Champion of Indias wildlife
Reviewed by Lt- Gen (retd) Baljit Singh 

Tripwire for a Tiger: Selected Works of FW Champion
Rainfed Books. Pages 202. Rs 495 

I had lost all desire to kill wild animals. Not that this has proved any loss to me because I have found that wildlife photography provides all the thrills and excitement of hunting without having to shed any blood at all`85. Such pictures hanging on ones walls in subsequent years, bring back vividly, as no skin or head can ever do`85. one can half close ones eyes and feel again the warm air and hear the hum of the insects`85.. one can see the living, breathing tiger as he lies, having no final vision of the magnificent king of the jungle lying in death agony or mar the pleasure of a wonderful experience".

The above quote is from the text by Fredrick Walter Champion (FWC), especially written for the centenary of the Forest Research Institute, Dehradun in 1961. Though his hosts would have expected him to focus on forestry per se but FWC deliberately chose to write about the scientific side of forestry" but rather about the denizens of the Indian jungles and their conservation needs, which according to FWC must be integral to the basic precepts of the forestry paradigm and practices.

Now who was FWC and why did the Forest Institute pick on him for such a singular honour? Well, he was simply a gifted, out-door photographer who concurrently also emerged as one of the distinguished officers of the Indian Forest Service, from 1923 to 1947. Within the first 10 years of his service, he had won recognition among his peers in forestry, and with the world at large as the undisputed pioneer of wildlife photography in India; also the first to successfully pursue free-ranging tigers in their natural habitat, armed with a camera in preference to a sporting-rifle. Equally, FWCs powers of descriptive prose were so engrossing that his texts and photo-images found ready acceptance with prestigious publications in the UK. So in 1927, FWC published his first book, With A Camera In Tiger-Land (Chatto & Windus, London); a great achievement considering that both photography and writing were mere persuasions on the side-lines of FWCs demanding profession.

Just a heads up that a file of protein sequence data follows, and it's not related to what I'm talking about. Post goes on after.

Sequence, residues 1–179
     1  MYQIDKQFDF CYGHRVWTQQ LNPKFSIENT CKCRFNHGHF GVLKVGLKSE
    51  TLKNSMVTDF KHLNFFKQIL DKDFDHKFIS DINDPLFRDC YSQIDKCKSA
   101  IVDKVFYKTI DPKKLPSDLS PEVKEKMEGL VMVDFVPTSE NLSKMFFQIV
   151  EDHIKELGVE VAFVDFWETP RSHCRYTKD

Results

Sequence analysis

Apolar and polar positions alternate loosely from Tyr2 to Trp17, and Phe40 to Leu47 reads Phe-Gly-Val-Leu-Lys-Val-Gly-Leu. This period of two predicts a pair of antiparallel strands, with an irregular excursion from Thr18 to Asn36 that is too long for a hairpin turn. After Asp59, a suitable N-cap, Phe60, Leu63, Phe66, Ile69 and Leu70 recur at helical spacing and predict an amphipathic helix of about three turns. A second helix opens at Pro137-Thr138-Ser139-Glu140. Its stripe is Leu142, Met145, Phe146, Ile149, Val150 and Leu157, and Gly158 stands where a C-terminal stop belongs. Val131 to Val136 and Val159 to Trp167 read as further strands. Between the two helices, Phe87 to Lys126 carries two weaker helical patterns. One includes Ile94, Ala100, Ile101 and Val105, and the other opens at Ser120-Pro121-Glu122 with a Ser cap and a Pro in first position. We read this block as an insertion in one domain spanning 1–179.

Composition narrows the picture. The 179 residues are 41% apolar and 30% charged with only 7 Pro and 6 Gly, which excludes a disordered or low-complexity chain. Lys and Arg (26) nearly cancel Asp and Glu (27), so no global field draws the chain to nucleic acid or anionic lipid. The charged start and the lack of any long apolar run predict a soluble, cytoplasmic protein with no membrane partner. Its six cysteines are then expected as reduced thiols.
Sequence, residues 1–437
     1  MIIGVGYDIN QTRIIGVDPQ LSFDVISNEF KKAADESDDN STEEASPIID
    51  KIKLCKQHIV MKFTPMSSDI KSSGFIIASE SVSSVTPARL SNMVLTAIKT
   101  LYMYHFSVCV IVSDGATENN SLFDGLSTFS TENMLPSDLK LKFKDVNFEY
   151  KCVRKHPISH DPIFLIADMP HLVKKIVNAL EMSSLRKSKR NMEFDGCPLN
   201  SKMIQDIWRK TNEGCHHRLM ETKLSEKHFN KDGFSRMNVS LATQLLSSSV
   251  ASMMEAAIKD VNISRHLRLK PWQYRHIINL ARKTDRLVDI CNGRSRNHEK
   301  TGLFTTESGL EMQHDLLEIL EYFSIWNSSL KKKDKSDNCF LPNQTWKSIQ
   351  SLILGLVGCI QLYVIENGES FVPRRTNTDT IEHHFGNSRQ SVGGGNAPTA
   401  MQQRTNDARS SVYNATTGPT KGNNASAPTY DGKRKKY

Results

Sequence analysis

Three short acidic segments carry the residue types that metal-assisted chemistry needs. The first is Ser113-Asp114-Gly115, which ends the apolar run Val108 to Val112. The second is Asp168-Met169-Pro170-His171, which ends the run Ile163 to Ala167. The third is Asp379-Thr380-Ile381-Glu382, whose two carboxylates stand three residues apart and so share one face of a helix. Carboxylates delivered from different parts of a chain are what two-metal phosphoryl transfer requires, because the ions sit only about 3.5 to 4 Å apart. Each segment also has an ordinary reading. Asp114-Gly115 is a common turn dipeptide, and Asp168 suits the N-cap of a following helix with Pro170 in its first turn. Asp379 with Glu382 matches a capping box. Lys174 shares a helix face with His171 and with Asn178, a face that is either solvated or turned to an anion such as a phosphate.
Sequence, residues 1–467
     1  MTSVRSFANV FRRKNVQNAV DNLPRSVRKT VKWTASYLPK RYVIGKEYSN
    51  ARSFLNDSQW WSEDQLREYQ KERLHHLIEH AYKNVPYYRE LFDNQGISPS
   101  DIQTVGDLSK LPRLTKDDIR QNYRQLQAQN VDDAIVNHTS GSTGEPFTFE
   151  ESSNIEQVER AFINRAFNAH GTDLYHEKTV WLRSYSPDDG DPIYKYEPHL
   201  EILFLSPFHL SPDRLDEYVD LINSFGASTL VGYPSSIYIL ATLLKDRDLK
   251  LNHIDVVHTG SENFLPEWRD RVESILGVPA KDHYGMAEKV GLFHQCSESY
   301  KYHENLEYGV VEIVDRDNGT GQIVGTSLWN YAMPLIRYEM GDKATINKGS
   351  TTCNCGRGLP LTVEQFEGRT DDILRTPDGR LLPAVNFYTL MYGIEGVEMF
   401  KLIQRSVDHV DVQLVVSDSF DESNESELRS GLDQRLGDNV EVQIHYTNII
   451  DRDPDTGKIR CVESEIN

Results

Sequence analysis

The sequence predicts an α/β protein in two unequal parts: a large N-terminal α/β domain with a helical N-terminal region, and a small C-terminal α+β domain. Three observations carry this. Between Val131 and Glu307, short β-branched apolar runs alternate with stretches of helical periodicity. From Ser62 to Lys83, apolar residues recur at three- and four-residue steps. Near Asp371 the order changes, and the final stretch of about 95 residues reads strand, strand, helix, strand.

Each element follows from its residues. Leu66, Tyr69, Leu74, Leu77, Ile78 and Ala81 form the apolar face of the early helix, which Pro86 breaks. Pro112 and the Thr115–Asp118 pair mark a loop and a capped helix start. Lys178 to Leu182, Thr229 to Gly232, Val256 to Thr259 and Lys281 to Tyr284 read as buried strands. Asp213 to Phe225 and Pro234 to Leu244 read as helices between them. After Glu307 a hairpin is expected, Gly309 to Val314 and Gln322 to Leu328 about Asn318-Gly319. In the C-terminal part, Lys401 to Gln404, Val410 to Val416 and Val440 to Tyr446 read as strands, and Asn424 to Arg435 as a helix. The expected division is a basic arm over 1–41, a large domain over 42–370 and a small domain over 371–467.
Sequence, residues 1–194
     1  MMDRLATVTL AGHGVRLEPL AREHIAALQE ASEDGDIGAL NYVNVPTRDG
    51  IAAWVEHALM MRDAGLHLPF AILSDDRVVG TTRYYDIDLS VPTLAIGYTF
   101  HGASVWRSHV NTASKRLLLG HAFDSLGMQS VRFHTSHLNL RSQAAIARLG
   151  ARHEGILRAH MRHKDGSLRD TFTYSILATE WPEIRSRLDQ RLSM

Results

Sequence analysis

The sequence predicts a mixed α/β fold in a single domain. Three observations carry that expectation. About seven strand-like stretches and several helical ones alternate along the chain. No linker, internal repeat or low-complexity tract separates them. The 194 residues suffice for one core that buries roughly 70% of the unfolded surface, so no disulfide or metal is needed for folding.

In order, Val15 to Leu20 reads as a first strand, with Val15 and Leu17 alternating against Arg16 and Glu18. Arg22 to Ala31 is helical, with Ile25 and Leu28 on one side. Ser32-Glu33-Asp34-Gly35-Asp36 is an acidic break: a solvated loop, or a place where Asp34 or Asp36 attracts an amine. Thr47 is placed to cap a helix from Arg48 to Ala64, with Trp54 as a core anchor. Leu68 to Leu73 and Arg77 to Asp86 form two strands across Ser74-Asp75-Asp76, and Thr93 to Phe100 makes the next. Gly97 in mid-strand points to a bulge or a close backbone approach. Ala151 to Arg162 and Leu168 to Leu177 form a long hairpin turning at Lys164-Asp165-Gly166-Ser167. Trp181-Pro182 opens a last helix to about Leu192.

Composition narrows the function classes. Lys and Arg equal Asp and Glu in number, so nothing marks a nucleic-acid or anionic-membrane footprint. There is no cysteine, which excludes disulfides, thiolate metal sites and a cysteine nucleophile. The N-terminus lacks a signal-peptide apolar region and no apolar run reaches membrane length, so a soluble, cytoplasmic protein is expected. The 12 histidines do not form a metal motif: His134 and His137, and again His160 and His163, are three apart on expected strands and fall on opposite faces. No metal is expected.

Tripwire for a Tiger is an anthology comprising FWCs 24 published articles which showcases the ways of tigers and most other denizens from elephants to squirrels, sloth bears to butterflies and varied other riches of our living jungles.

Even more significant is the message conveyed through each text, that wildlife and their habitat are among our cherished heritage which must be preserved. Perhaps the best of FWC as a writer-naturalist emerges from one of his earliest texts, A Remarkable "Sitting" by a Wild Tiger, when in the company of his wife Judy, (mounted on his favourite elephant Balmati) they successfully tracked a tiger: who "lay twelve yards away from us, with his mouth open, his sides heaving, yawning occasionally`85.. sometime holding his head up, until his eyes began gradually to close with sleep`85. He stayed there for perhaps a quarter of an hour, during which time we exposed all the Plates`85.the last at a little under ten yards range`85One simple shot, and all the life and movement would have gone from that beautiful striped body and could never be brought back again." FWC was never to falter from that latter conviction.

Lastly, we Indians shall remain indebted to FWC for his pioneering and persuasive advocacy of creating national parks in India (similar to those in the USA and South Africa) which led first to the enactment of National Parks Act of 1935 and a year later, the creation of the Hailey National Park, todays prestigious Corbett Tiger Reserve. Admittedly, this was possible by the enthusiastic support of the visionary Governor of the United Provinces, Sir Malcolm Hailey. The latter then became the Viceroy of India and further seeded the wildlife conservation paradigm in India.